GA on 9-11

Tomorrow on the 10th anniversary of 9-11,  I'll be publishing an essay from my friend, K.L. Mallow.   I've also offered a few others to contribute something if they wish.

I will open that up to any readers who would like to share thoughts, memories or write a tribute to someone who perished on that day.  Please submit it to

As for my own recollections, there is nothing I can say more poignant or eloquent than thousands  have already said.  I know that my 9-11 experience pales in comparison to that of a child grown up without a parent, a parent whose child disappeared with the Towers, a seat forever  empty at the dinner table, a void in the lives of family and friends.

My own experience of that day and its indelible mark on my psyche is just a tiny stitch in a giant tapestry of collective loss, collective mourning.

Here are a few of my memories.

Like many, I watched the first Tower fall from Pier A park.  After that, police cleared the park and I watched the second Tower fall from my River Street roof top.  The rest of that day was spent worrying whether my cousin Susan, a Goldman Sachs employee, had survived (she did).

Susan was in the GS cafeteria when the first plane hit, saw debris falling through the windows  and got the hell out, ignoring an announcement to employees to stay put.  That decision saved her life.

I knew the landscape of both Towers very well, having worked for 4+ years on renovation projects in Tower 2 for The New York Stock Exchange (Floors 28, 29, 30) and AON (Floors 83, 99, 100, 101, 102, 103, 104, 105) I could walk those corridors, utility rooms  and tenant spaces in my mind.

They still linger there like ghosts.

The flip side of Fate's  random cruelty that delivered death to those on the upper floors of AON, saved those on the lower floors of the New York Stock Exchange 's Regulatory division.

I was friendly with many of the inspectors in the Port Authority Construction Department, on the 88th Floor of Tower 1.

The shock of seeing a picture of Port Authority employee Pete Negron held up on television- he'd done asbestos abatement on all of my projects, is an indelible memory;  his crying mother begging viewers for any information on his whereabouts.   Pete was a young guy, slender and dark-haired, very competent and very nice. Pete died on 9-11-01.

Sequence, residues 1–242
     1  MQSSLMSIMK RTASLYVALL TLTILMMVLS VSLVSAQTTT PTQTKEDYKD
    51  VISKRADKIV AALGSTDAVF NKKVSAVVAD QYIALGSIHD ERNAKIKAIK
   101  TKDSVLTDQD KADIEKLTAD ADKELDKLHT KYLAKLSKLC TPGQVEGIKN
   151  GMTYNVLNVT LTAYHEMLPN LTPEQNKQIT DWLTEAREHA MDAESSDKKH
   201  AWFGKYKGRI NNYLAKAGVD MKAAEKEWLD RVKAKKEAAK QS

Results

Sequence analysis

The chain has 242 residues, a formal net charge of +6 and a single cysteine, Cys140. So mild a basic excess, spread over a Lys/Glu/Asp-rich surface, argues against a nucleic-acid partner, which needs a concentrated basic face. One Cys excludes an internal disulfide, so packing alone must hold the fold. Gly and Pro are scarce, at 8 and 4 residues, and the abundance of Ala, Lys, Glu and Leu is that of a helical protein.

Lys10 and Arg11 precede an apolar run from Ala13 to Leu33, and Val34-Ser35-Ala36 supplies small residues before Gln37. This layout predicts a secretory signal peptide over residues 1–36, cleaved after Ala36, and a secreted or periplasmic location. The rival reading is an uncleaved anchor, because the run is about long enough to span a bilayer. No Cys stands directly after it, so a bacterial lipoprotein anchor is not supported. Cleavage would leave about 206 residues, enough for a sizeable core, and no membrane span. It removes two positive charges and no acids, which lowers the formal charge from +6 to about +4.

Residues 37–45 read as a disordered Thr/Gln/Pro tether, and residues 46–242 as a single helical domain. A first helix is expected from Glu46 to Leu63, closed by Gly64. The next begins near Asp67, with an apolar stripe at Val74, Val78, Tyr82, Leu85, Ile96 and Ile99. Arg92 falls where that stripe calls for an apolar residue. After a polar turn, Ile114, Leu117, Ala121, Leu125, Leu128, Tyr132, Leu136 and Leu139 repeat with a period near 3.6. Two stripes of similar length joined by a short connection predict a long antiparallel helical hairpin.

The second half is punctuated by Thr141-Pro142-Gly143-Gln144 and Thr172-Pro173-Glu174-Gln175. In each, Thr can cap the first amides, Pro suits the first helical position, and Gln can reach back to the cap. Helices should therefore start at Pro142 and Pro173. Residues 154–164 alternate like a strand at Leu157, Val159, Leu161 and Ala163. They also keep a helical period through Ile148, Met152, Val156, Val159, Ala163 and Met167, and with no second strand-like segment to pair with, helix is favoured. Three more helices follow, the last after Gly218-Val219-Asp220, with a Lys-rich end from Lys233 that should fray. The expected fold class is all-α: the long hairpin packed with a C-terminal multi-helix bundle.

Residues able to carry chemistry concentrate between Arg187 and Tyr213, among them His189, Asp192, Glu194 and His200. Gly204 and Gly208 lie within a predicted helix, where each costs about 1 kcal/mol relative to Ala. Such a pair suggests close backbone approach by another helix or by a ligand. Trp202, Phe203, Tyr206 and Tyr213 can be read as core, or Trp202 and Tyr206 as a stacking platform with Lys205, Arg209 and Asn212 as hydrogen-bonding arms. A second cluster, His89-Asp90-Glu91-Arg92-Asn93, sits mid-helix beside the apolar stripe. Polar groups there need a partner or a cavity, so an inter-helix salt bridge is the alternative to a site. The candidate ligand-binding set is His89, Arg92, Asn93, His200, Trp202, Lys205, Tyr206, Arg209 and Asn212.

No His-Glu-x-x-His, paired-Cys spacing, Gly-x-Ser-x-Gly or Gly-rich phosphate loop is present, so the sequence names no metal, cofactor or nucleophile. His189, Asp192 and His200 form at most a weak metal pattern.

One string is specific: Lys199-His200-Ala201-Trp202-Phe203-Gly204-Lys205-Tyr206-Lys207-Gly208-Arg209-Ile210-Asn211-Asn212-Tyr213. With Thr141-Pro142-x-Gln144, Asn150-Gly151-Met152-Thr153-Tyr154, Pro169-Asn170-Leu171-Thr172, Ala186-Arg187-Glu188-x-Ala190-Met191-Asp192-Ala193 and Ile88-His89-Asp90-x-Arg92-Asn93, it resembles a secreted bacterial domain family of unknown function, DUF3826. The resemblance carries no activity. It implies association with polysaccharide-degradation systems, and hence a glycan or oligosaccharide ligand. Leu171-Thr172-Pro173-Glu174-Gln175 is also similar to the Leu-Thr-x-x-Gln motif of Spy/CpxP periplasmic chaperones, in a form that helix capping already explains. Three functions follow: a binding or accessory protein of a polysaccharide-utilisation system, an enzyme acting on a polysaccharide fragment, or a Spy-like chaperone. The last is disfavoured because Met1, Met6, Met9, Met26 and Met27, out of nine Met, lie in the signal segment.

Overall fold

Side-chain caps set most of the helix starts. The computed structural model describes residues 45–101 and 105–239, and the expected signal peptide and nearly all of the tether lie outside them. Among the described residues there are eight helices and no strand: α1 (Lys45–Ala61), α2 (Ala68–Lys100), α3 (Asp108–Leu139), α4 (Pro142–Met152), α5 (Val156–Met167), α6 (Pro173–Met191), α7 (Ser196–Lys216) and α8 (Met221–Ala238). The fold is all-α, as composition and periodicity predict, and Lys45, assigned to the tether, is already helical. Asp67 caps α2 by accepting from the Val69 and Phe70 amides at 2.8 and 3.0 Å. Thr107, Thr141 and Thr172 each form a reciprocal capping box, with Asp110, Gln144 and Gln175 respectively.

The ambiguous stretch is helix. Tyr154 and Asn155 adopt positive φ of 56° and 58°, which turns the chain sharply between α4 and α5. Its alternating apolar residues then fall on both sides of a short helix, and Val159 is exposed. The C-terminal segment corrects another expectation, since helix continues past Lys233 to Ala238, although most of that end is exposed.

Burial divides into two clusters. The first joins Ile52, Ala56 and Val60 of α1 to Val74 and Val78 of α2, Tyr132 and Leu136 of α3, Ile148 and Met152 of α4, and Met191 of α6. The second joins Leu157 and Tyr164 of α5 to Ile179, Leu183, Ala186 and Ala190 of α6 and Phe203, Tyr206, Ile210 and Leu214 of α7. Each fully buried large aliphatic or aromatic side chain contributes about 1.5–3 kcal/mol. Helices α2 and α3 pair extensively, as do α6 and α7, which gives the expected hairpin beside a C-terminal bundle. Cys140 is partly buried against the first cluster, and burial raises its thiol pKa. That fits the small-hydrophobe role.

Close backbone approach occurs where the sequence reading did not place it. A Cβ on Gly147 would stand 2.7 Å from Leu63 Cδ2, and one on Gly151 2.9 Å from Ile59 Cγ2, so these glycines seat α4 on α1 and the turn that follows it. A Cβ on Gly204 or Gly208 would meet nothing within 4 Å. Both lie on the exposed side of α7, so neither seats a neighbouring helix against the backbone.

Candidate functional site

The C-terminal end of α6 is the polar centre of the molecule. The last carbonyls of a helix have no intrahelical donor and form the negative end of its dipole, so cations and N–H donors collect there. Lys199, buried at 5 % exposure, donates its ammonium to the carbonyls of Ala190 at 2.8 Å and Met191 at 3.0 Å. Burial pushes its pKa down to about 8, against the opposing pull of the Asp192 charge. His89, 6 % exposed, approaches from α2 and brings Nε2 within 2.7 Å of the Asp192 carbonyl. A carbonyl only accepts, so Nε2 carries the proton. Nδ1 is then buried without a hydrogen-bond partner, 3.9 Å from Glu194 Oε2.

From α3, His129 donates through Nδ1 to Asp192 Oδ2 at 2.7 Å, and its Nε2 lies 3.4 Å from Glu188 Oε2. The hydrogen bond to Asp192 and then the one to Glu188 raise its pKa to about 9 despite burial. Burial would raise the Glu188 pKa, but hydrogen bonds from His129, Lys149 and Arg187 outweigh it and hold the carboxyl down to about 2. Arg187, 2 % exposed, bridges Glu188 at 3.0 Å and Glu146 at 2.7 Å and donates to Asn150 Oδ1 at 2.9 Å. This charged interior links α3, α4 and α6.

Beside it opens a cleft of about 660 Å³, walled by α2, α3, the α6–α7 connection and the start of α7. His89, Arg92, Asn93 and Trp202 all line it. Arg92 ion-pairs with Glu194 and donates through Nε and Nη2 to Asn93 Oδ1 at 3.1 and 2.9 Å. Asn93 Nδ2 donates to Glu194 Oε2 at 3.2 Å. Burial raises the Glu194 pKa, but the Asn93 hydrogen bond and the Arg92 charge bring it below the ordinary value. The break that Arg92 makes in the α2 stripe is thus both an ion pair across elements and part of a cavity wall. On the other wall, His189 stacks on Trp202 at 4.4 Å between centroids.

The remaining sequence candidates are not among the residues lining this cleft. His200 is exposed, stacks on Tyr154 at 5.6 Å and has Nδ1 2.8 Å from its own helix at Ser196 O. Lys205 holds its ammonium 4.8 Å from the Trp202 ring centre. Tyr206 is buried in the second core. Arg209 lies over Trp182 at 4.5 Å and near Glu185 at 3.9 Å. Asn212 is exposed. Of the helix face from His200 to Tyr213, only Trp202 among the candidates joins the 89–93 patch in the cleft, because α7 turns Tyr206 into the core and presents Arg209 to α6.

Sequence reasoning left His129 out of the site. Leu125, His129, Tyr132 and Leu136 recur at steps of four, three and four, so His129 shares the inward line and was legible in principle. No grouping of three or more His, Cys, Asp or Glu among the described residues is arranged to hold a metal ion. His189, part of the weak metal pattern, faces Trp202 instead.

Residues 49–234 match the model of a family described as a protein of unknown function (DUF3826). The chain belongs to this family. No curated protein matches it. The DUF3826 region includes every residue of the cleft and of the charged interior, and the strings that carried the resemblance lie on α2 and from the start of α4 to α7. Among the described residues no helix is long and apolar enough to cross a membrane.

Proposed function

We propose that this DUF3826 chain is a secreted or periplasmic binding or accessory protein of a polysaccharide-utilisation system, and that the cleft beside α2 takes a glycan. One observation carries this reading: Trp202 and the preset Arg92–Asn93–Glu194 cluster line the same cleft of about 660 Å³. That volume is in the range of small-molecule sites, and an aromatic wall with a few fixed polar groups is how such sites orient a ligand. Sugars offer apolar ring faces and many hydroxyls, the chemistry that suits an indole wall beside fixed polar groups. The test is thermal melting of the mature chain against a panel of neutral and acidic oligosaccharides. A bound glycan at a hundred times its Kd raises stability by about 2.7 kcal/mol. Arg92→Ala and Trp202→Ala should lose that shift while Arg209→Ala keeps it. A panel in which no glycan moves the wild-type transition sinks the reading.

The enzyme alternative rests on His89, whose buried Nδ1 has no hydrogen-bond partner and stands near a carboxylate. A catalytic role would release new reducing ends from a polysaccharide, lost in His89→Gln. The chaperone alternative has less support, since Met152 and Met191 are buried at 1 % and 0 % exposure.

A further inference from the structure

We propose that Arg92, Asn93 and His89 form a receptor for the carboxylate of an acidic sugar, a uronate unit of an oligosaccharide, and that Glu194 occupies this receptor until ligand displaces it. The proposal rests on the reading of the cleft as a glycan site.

Pete Negron

I also knew James Barbella, Port Authority Fire Alarm Inspector.  James died on 9-11-01.

James Barbella

These are a few of my decade-old memories.

And while each anniversary picks at the scab and we realize our hearts are as broken now as on the day after, there is comfort in our collective strength as a nation.

We have moved on, but have taken their souls and dreams with us.

Not forgotten, they are part of us.  Always.

Hoboken Remembers

Joao A. "J.J." Aguiar Jr., 30
Jean A. Andrucki, 43
Peter Apollo, 26
Marty Boryczewski, 29
Nick Brandemarti, 21
Swarma Chalasani, 33
Christopher Colasanti, 33
Michael S. Costello, 27
Christopher Cramer, 34
Gavin Cushny, 47
Neil Dollard, 28
Douglas DiStefano, 24
Michael DeRienzo, 37
Margaret Echtermann, 33
Jeffrey B. Gardner, 36
Michael Edward Gould, 29
Scott Hazelcorn, 29
Joseph Ianelli
Matthew Horning, 26
Thomas Knox, 31
Donna Bernaerts-Kearns, 44
Greg Malone, 42
Marc A. Murolo
Katie McGarry-Noack, 30
George McLaughlin Jr., 36
Michael Mullin, 27
John Murray, 32
Martin S. Niederer, 23
Brian Novotny, 33
Keith K. O'Connor, 28
Lesley Thomas O'Keefe, 40
Dominique Pandolfo, 27
Jon A. Perconti Jr., 32
Scott Rohner, 22
Joshua Rosenblum, 28
Nick Rowe, 29
Ronald Ruben, 36
Richard L. Salinardi, 32
James Kenneth Samuel Jr., 29
John Schroeder, 32
Alex Steinman, 32
Melissa Vincent, 28
James Patrick White, 34
Deborah Lynn Williams, 35
Michael Wittenstein, 34


  1. "...Fate's random cruelty..." So very, very apt, GA.

    Here's a very thought-provoking piece on the
    larger context of (as Steve Almond calls it), "...a snuff film writ large." Particularly stunning, his remarks about our nation's "choice" to pursue "vengeance over mercy."


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